Obligatory Oscar PostThe Dark Herald
The most boring night on television hit an all-time low of 9 million viewers. In truth, I’m surprised it was that many. I suspect it’s mostly very old liberals who are still watching it. The Joe Bidens still left in America are the Oscars’ primary audience. The 18–49-year-old market has collapsed completely, dropping by 64%. Which will knee-cap the ad money that ABC can charge for this abortion next year. BTW they are stuck with the Oscars until 2028. Another win for Disney!
While I haven’t watched the Oscars in decades, I was usually aware when they were taking place. There was some interest to be had in looking at the Red-Carpet parade and wondering who wore human skin this year, (I’ve heard stories). This year I was only reminded that they had taken place because they were such a ratings disaster.
I know my younger readers will find this hard to believe but when I was a kid Oscar night was a really big deal. The three networks fought over which one of them was going to have the right to a guaranteed rating win that night. Because everyone in the country would be watching the Academy Awards and not All in the Family or Charlie’s Angels or whatever top-rated show was going up against it that night.
It was the one night of the year you got to see every single movie star on TV. Every. Single. One. We still bought into the glamour of Oscar Night. You have to remember that back then we had a much different movie culture than we do now. Going to the movies was a once-a-week thing for a lot of people. Maybe more than once a week if you were single. A movie ticket was cheap back then. Certainly cheaper than going to a nice restaurant. Sure, the popcorn was a little pricey but it was nowhere near the car payment that it is today.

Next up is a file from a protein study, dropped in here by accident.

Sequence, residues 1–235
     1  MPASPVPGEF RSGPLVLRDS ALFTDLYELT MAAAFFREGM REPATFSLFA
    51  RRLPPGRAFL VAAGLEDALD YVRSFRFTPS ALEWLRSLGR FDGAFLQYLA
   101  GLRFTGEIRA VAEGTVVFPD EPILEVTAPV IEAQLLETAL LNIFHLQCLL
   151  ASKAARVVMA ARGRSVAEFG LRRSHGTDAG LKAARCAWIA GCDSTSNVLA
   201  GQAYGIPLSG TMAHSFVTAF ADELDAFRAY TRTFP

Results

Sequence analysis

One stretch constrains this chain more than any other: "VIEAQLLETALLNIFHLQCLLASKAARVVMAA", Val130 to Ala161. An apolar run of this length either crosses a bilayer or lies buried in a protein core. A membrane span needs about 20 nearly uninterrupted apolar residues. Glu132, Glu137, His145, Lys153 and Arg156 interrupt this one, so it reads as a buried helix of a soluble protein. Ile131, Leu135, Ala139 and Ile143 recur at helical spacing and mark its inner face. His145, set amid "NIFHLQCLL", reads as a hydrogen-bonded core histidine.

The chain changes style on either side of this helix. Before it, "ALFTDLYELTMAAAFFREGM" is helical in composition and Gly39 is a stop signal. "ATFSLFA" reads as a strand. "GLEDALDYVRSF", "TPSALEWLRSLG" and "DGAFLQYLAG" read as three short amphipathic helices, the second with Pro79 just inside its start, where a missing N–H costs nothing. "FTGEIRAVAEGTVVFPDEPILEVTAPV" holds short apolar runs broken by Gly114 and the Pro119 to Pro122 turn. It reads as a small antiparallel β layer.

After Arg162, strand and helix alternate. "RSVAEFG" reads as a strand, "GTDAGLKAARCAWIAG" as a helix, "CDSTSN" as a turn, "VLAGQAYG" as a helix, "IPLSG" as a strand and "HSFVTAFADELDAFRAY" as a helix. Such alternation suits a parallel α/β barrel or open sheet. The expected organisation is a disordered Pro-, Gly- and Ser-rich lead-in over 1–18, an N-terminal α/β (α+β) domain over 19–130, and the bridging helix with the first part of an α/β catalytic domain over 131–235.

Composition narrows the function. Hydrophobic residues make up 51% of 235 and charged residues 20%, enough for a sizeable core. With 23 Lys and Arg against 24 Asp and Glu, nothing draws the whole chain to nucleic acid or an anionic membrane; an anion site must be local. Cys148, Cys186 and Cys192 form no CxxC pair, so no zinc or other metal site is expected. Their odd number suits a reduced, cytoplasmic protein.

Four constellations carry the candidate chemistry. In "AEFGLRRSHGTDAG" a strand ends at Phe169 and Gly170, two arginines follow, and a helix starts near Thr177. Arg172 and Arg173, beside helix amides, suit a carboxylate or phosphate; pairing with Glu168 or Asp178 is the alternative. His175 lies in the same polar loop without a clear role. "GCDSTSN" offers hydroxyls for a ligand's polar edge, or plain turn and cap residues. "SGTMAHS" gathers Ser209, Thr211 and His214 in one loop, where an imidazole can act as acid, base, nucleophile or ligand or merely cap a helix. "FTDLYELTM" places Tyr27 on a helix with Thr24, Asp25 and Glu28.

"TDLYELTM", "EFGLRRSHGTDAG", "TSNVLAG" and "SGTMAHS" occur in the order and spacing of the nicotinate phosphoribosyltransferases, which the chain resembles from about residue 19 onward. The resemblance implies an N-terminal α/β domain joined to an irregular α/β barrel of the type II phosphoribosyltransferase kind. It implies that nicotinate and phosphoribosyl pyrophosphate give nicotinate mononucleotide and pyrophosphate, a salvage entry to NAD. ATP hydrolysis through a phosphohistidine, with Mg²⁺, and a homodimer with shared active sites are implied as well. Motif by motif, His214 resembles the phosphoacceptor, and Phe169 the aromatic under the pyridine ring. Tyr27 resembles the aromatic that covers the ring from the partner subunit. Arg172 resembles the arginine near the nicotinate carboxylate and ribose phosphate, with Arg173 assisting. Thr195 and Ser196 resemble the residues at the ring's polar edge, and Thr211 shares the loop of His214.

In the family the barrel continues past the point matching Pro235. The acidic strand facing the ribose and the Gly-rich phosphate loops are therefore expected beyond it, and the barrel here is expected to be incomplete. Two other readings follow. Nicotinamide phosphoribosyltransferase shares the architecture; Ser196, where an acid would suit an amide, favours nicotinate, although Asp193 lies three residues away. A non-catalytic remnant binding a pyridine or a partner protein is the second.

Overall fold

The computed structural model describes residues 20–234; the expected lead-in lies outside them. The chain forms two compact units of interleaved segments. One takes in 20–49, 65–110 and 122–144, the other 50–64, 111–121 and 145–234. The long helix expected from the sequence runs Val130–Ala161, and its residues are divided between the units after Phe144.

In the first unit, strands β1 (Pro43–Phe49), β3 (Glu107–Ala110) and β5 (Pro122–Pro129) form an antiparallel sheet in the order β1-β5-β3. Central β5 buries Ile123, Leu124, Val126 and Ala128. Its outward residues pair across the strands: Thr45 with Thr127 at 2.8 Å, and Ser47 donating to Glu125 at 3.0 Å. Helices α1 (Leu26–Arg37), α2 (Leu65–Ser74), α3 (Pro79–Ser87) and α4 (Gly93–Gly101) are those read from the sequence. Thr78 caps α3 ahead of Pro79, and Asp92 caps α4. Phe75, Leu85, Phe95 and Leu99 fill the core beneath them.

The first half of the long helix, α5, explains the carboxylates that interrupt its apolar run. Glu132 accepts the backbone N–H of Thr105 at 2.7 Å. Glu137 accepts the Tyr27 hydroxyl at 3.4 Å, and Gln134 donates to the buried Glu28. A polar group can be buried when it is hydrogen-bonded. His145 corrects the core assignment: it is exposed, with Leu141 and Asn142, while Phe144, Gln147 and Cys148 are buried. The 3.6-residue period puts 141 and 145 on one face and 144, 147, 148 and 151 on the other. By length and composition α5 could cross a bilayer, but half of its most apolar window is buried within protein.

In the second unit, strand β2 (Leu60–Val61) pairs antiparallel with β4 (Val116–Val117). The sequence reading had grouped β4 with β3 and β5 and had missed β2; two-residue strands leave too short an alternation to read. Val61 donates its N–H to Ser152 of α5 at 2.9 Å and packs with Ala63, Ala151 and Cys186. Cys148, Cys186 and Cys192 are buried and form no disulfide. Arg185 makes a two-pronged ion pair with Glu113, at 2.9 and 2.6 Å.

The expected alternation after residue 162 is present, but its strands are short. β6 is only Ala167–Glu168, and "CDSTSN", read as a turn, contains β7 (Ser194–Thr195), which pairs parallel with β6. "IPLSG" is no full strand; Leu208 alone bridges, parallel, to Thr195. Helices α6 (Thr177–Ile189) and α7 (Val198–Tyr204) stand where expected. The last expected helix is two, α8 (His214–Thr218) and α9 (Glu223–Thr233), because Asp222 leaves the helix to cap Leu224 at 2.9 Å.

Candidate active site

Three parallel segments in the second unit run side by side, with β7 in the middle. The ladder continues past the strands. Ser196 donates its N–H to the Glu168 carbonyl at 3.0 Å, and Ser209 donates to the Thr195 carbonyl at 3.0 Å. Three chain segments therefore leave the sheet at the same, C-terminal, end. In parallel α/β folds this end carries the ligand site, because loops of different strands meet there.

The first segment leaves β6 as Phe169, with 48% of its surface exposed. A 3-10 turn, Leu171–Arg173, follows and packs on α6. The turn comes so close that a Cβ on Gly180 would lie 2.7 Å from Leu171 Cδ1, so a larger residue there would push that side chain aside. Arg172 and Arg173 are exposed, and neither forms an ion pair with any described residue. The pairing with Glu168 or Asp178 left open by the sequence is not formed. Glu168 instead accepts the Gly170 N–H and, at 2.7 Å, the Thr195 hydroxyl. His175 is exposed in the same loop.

You also didn’t have to hate all of the actors and actresses. Of course, there were plenty of America-hating Communists picking up awards but on Oscar Night you would also see plenty of flag-wavers that hated Commies.
As I said, we had a different movie-going culture. Almost everyone had seen the nominees for Best Picture. There were drinking fountain discussions and barroom bellowing matches over which flick deserved to take home that little statue.
I know it’s hard to believe now but there was actually a bit of cultural reverence for the Oscar. It really did stand for something that everyone believed to be excellence. Even if it did miss the mark by a country mile now and then. The most famous Oscar snub was Citizen Kane but there have been plenty of others. High Noon, The Caine Mutiny, The Lion in Winter.
The Oscars were absolutely NEVER perfect.
But they were a strong reflection of our collective tastes.
Yeah, those days are over.
I didn’t see any of the nominees this year and I’m hardly alone there. Most of these are movies that I hadn’t even heard of until the nominations were announced.
The biggest surprise of the night was that Chadwick Boseman didn’t win. Apparently, there is considerable outrage from people who pretend they care about it. In truth, I was expecting him to win myself, mostly because he died. That usually is enough to get the Oscar.
Although, from what I heard Sir Anthony Hopkins actually deserved to win, which I admit is kind of a shock. Not that Tony can act but that he was rewarded for his performance. This is the old Hollywood tradition of snubbing an actor who deserves the Oscar for years then rewarding him out of the blue. And now that he’s in his eighties, they gave him the statue before they have to give him a posthumous win, just like they didn’t do for Chadwick Boseman.
Also, Hopkins didn’t show up for the awards.